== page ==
Vermont Rental Laws

Written on June 1, 2018 by

Flag of VermontThis article summarizes some key Vermont Landlord-Tenant laws applicable to residential rental units.

We’ve used the Official State Statutes and other online sources cited below to research this information and it should be a good starting point in learning about the law.

With that said, our summary is not intended to be exhaustive or a substitute for qualified legal advice. Laws and statutes are always subject to change, and may even vary from county to county or city to city.

You are responsible for performing your own research and complying with all laws applicable to your unique situation.

If you have legal questions or concerns, we recommend consulting with the appropriate government agencies and/or a qualified lawyer in your area. Your local or state bar association may have a referral service that can help you find a lawyer with experience in landlord-tenant law.

Official Rules, Regulations, and Guide

Details

Security Deposit

  • Security Deposit Maximum: No statute.
  • Security Deposit Interest: There is no statewide statute dictating interest accrued by a security deposit. However, towns and municipalities in Vermont are allowed to adopt ordinances authorizing the payment of interest. For more information, see 9 V.S.A. § 4461(g).
  • Separate Security Deposit Bank Account: No statute.
  • Non-Refundable Fees: No statute.
  • Pet Deposits and Additional Fees: No statute.
  • Deadline for Returning Security Deposit: Landlords must return the security deposit, along with a written statement explaining any deductions, within 14 days of the tenant vacating the rental unit. If a tenant is renting a unit seasonally, the security deposit and accompanying statement must be returned within 60 days (9 V.S.A. § 4461(c)).
  • Permitted Uses of the Security Deposit: Landlords can use all or a portion of the security deposit in order to pay for:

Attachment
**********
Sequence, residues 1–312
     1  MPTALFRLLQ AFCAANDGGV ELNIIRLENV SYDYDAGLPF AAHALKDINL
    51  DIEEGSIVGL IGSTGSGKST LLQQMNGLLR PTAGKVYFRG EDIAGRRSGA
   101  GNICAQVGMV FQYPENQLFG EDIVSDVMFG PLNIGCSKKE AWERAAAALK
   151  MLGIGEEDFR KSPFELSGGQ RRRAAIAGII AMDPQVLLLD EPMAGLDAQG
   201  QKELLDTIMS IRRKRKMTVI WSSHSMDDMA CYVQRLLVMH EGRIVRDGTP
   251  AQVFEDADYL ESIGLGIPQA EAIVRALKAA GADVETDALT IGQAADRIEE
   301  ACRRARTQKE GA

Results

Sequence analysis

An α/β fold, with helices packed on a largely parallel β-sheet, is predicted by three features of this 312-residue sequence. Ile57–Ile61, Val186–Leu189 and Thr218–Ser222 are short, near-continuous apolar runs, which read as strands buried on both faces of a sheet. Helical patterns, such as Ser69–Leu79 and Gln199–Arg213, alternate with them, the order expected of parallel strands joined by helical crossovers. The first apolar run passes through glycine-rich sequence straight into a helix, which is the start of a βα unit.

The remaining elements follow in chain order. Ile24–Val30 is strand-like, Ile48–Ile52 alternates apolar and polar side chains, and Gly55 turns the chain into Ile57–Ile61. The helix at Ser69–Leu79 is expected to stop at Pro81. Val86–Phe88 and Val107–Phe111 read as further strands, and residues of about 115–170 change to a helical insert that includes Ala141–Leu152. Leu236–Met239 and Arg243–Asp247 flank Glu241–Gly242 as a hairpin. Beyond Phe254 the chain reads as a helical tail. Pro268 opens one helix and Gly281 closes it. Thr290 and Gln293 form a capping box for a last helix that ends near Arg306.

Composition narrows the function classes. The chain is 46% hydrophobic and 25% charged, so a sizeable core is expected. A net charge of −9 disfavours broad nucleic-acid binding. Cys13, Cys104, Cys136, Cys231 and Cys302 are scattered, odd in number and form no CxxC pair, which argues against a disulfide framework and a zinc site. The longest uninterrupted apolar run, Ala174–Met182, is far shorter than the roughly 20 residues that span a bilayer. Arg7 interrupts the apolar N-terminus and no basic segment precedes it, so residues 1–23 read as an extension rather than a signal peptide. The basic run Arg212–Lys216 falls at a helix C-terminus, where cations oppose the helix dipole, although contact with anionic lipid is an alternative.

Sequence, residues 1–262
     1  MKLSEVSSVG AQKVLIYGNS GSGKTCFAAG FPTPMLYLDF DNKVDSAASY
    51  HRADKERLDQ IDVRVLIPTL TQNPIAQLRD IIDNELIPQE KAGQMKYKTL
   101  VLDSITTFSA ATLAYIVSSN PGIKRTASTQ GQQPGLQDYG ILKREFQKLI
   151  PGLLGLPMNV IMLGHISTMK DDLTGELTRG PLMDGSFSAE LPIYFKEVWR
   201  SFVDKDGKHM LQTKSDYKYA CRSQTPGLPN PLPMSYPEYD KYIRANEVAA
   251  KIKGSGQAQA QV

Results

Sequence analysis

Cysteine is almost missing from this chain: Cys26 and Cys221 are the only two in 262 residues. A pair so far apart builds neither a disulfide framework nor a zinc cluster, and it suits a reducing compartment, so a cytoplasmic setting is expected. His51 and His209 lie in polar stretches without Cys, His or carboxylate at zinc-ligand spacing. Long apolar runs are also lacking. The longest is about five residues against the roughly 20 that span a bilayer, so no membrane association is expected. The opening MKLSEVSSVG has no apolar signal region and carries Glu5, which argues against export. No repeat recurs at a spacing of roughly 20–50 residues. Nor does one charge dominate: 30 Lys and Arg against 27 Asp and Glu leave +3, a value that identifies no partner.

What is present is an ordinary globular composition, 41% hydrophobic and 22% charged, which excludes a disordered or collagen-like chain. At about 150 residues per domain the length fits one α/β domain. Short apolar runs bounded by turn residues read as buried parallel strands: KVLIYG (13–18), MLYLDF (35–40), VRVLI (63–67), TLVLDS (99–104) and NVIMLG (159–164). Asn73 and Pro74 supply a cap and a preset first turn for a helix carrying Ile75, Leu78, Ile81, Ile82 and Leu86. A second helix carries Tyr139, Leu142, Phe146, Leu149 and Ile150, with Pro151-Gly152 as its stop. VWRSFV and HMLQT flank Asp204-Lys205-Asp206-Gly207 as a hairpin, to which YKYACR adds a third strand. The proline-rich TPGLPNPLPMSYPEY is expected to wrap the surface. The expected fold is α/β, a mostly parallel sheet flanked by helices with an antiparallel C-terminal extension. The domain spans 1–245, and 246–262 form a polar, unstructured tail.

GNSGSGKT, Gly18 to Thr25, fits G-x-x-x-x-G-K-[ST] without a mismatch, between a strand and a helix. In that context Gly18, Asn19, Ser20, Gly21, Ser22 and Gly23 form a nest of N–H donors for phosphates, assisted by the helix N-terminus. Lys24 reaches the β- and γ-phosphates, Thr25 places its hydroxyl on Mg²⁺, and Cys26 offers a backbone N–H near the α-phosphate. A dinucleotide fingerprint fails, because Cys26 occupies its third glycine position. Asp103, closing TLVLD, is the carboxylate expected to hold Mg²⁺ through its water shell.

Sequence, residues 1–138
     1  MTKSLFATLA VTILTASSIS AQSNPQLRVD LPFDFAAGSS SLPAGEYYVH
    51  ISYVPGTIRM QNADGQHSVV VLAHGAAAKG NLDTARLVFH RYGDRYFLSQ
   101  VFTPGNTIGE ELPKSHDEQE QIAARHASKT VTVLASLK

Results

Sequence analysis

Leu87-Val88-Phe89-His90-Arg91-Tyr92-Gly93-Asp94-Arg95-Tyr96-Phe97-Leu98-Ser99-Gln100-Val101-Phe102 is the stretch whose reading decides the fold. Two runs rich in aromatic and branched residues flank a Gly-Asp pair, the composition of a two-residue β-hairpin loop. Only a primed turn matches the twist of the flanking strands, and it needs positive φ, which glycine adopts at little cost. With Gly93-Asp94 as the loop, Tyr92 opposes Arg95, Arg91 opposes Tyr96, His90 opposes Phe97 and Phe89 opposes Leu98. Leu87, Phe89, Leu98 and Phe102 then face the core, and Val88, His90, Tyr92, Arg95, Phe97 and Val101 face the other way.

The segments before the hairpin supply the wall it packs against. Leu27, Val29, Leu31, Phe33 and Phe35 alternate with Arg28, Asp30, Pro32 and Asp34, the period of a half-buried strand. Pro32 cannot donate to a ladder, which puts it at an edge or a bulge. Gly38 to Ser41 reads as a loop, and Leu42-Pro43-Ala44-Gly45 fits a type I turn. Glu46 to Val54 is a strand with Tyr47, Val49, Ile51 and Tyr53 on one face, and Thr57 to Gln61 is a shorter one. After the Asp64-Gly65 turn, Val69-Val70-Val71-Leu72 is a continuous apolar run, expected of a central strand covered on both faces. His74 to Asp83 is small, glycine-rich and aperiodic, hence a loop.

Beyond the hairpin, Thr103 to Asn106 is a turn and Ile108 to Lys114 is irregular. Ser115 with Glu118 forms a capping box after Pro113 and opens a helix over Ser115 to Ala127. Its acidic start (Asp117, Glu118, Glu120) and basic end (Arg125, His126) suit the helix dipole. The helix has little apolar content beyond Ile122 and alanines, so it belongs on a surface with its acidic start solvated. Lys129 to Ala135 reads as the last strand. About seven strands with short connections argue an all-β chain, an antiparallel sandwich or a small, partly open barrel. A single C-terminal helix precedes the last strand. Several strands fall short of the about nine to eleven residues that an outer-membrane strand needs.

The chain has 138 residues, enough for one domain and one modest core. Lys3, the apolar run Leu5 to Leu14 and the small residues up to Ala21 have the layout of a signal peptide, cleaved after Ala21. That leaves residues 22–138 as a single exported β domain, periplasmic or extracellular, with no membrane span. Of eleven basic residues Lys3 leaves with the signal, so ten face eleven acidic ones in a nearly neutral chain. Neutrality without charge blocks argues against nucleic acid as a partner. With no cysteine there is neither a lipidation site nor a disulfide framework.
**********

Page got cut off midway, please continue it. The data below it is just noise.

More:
1. nonpayment of rent;
    2. damage caused by the tenant beyond normal wear;
    3. nonpayment of utility charges the tenant would pay directly to the landlord, and
    4. expenses related to removing a tenant’s abandoned possessions (9 V.S.A. § 4461(b)).
  • Security Deposit can be Withheld: Yes.
  • Require Written Description/Itemized List of Damages and Charges: Yes, such a list must accompany the security deposit when it is returned to the tenant (9 V.S.A. § 4461(c)).
  • Receipt of Security Deposit: No statute.
  • Record Keeping of Deposit Withholdings: No statute.
  • Failure to Comply: If landlords fail to return the deposit within 14 days, the landlord forfeits the right to withhold any part of the security deposit. And if landlords willfully fails to return the security deposit, landlords can be liable for twice the amount of the security deposit, plus attorney’s fees and related costs. (9 V.S.A. § 4461(e)).

Lease, Rent & Fees:

  • Rent is Due: Rent is due without demand or notice on a date and location the parties agree to. (9 V.S.A. § 4455(a)).
  • Payment Methods: No statute.
  • Rent Increase Notice: Landlords must give 60 days’ notice before increasing rent (9 V.S.A. § 4455(b)).
  • Late Fees: There is no state statute regarding late fees. However, the 1991 Vermont Supreme Court ruling in Highgate Associates, Ltd. v. Lorna Merryfield established a prohibition against late fees that are charged as penalties. Late fees charged as actual compensation for costs incurred by landlords as a result of late rent payments are the only acceptable situations in which a late fee can be charged.
  • Application Fees: Application fees are prohibited by state law (9 V.S.A. § 4456(a)).
  • Prepaid Rent: No statute.
  • Returned Check Fees: No statute.
  • Tenant Allowed to Withhold Rent for Failure to Provide Essential Services (Water, Heat, etc.): Yes. Tenants can withhold rent for major health code violations after they’ve given notice to the landlord regarding the violation and the landlord has not made the necessary repair or alteration. Tenants can also seek injunctive relief and recover damages, costs and reasonable attorney’s fees (9 V.S.A. § 4458).
  • Tenant Allowed to Repair and Deduct Rent: If landlords fail to make minor repairs within 30 days of being notified of the need for the repair by the tenant, tenants can conduct the repairs and deduct the cost from the monthly rent. The deduction cannot exceed one-half of a month’s rent. The tenant must provide the landlord with information regarding the cost of the repair when rent is being deducted (9 V.S.A. § 4459(a)).